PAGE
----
July 1st, 2016 marks the centenary of the commencement of the Battle of the Somme, the largest battle of the First World War and generally recognised as one of the fiercest in human history in that more than one million men were wounded or killed during its duration. As the commemoration of the Somme approaches, we consider 10 of the best World War I films. The Great War, as its popularly known, has not quite provided the same hunting ground as the Second World War. I don’t have figures before me, but I think I can safely say that WWII films easily outnumber those of WWI. There may be a number of reasons for this, but one I would propose is that the very nature of the Great War – which as we well know involved trench warfare and long periods of stalemate between the Allies and Central Powers – does not lend itself as readily to visual and aesthetic storytelling as the World War which followed it. I’m not by any means denigrating the multitude of stories that are out there concerning the 1914-1918 conflict, I’m just suggesting that World War II represents modern warfare in a more tangible sense, and cinema, down through the years, has latched on to its stories of forces on the move, of individuals charged with clandestine missions, and covert operations behind enemy lines. There are also the great set-pieces which events such as the landings at Normandy and the defence of Stalingrad tantalisingly offer filmmakers (just consider Spielberg’s Saving Private Ryan in this regard).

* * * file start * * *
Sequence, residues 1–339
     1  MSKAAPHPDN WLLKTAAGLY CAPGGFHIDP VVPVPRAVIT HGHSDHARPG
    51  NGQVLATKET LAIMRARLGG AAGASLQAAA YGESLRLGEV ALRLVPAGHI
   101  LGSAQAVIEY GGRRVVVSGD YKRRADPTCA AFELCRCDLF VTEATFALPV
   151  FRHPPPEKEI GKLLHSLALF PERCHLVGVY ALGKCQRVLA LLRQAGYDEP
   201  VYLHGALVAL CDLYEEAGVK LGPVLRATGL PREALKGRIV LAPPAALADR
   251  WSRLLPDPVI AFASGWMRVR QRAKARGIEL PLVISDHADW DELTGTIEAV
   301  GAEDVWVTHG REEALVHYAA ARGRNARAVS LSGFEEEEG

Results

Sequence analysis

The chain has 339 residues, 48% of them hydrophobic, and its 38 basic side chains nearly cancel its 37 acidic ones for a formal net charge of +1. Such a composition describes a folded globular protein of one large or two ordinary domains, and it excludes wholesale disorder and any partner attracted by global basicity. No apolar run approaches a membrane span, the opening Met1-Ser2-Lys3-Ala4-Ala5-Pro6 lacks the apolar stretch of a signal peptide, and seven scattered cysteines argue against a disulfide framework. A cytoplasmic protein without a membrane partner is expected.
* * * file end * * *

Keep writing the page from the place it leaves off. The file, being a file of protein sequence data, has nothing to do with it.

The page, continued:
World War I films, on the other hand, do tend to centre more so on the individual stories, the intimate human suffering. The Great War was not a pretty war (though what kind of warfare is of course) and there is an emphasis (deservedly so I might add) on the often callow young who perished during its four-year history and those who were left forevermore scarred in its wake. Admittedly, I include below, of all things, an Errol Flynn film, but also consider such accounts as presented in Lewis Milestone’s seminal All Quiet on the Western Front and Peter Weir’s Gallipoli. The sheer lunacy of war and narrow-mindedness of the powers-that-be behind it are some of the themes explored in Kubrick’s Paths of Glory and Joseph Losey’s King and Country. In both these films relative innocents are tried and executed for seeming acts of desertion. The high-minded, yet morally degenerate bureaucracy holds sway; the physically-fatigued and mentally-distraught soldier is a mere pawn in this game – ‘like flies to wanton boys’ as a famous play by Shakespeare would have it. There are also some stories of inspiration here, particularly Joyeux Noel – that depiction of the first Christmas of the Great War; also Spielberg’s War Horse. Lean’s Lawrence of Arabia and the Powell/Pressburger classic The Life and Death of Colonel Blimp are also included; although they may not strike some as WWI films per se, much of their narrative thread – particularly the famous Lean epic – takes place during the conflict. There is also a prisoner-of-war story (quite a popular sub-genre in the WWII canon as we know), though it has to be acknowledged that Renoir’s La Grande Illusion is light years apart from, say, John Sturges’ The Great Escape.